.On Tuesday, South Korea reported its first two deaths from MERS since the first confirmed case two weeks ago, fueling growing worry about the spread of the illness in the country, which has reported the most cases of MERS outside the Middle East. South Korea has isolated about 750 people for possible MERS infection, which is caused by a coronavirus from the same family as the one that triggered the deadly 2003 outbreak of Severe Acute Respiratory Syndrome (SARS). MERS has a much higher death rate than SARS and there is no cure or vaccine.
we have had several Filipino health care workers get it in Saudi, and one who tested positive brought it here.
and Newsweek reports that China has reported it's first case.
the death rate is high, which makes me suspect that most cases are not being diagnosed... the symptoms are similar to that of the flu.
most cases have been in contact with a person who has had MERS, which is why we worry here (we have a lot of health care people working in the Middle East).
As for prevention: Well, remember to wash your hands and face after you kiss a camel.
Exposure to camels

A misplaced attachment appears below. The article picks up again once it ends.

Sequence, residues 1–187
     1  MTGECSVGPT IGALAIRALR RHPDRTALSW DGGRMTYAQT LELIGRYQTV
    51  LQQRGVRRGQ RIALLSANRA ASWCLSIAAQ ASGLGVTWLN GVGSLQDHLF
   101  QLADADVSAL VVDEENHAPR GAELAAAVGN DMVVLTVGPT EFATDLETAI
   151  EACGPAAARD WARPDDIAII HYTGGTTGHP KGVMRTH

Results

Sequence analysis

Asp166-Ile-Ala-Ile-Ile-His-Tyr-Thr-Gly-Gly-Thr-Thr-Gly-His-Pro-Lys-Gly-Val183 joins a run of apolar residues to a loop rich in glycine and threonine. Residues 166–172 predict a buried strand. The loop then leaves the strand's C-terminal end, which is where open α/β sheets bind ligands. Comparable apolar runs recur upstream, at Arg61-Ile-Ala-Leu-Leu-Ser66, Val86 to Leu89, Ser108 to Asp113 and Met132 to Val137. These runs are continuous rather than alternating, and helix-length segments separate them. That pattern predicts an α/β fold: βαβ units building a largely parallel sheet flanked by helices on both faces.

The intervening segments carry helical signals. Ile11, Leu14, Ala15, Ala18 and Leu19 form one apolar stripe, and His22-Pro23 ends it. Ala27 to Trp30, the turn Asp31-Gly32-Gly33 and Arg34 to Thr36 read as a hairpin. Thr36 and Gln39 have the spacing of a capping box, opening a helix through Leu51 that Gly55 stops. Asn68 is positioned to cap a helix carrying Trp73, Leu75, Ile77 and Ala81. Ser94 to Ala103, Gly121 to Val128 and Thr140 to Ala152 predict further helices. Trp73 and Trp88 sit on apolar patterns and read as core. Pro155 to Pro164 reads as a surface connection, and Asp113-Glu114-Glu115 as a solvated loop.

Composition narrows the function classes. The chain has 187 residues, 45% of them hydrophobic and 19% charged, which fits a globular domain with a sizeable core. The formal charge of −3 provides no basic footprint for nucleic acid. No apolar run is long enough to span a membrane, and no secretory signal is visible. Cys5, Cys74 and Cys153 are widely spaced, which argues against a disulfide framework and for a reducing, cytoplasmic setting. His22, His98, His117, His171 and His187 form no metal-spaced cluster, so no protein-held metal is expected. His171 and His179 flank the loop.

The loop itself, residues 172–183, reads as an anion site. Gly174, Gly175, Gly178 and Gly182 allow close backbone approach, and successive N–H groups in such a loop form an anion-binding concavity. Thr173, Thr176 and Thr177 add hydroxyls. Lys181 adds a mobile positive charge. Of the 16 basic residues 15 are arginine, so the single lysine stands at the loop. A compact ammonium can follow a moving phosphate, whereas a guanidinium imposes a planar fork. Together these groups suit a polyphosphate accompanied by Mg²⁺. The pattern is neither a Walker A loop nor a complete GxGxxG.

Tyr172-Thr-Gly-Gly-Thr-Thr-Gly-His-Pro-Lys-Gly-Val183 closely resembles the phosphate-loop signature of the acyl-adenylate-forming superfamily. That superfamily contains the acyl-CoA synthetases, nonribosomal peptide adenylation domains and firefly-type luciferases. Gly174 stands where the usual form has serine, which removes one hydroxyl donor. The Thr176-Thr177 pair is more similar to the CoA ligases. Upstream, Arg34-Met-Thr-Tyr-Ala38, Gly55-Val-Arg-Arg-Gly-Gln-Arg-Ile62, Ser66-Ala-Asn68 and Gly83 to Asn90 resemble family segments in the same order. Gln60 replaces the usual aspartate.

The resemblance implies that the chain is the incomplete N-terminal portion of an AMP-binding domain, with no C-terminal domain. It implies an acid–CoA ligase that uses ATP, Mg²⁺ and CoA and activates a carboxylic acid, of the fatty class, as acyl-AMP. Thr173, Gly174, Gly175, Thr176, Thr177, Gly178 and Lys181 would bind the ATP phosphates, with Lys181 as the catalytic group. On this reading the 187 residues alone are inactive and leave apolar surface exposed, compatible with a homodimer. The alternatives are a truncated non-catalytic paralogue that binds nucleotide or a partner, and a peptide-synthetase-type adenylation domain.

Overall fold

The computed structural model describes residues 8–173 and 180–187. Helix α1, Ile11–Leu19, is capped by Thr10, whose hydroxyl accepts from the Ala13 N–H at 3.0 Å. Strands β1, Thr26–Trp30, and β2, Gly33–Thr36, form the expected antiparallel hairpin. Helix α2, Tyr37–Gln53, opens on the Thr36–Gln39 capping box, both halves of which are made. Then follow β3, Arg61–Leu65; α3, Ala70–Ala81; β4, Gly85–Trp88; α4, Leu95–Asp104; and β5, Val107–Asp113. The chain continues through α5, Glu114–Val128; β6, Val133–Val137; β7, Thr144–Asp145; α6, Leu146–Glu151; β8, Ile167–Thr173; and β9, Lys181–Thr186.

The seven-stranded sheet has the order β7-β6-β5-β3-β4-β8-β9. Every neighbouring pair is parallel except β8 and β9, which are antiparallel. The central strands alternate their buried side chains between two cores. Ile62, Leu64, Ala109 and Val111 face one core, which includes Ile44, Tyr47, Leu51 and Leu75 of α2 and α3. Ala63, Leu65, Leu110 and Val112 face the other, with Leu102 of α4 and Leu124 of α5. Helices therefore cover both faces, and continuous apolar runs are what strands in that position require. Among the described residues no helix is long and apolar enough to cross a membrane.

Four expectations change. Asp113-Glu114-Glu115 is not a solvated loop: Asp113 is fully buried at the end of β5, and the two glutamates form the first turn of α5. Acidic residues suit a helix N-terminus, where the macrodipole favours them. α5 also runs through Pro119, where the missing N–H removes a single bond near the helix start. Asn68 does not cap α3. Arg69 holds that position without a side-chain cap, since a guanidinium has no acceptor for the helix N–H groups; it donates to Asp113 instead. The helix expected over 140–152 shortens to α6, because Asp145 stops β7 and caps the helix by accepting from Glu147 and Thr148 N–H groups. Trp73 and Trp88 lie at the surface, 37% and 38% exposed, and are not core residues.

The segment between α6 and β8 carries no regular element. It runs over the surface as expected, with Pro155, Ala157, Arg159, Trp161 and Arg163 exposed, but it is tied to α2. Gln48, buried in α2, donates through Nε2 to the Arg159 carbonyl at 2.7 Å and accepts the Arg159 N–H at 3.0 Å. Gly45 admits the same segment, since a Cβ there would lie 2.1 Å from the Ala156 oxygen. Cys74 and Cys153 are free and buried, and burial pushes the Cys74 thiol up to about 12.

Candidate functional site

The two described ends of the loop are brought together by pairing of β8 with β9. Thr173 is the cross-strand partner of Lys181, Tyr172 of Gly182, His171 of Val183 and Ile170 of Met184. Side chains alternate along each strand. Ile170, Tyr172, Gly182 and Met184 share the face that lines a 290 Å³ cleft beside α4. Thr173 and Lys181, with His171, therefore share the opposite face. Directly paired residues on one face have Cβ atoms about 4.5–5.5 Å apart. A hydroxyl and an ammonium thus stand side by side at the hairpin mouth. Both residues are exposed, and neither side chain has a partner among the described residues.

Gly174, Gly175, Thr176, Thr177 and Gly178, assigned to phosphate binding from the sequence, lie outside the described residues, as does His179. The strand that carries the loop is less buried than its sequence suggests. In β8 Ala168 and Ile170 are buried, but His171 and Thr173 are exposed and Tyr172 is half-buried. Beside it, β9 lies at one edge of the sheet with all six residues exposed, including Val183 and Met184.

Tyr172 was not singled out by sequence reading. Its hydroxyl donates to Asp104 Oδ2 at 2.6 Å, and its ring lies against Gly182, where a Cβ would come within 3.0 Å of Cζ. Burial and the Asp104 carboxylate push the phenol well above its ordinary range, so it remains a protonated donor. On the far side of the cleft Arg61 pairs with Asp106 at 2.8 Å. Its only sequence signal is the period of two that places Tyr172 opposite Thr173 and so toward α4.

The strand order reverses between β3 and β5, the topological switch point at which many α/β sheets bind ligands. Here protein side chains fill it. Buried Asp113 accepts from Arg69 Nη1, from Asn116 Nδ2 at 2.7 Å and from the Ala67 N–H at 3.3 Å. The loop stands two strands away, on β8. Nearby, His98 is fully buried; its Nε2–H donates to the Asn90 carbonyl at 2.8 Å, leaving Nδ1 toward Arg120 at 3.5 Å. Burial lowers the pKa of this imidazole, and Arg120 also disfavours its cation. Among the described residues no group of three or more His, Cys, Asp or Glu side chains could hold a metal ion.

The MERS virus has been found in some camels, and some MERS patients have reported contact with camels. However, we do not know exactly how people become infected with the virus—many people with MERS have had close contact with a person sick with MERS.
The World Health Organization has posted a general precaution for anyone visiting farms, markets, barns, or other places where animals are present. Travelers should practice general hygiene measures, including regular handwashing before and after touching animals, and avoid contact with sick animals. Travelers should also avoid consumption of raw or undercooked animal products.
Yes, I'm joking, because the cases may be from camel meat or milk or direct contact, but as this article shows, camel owners do get nuzzled by their favorite camels, just like Cowboys get nuzzled by their horses.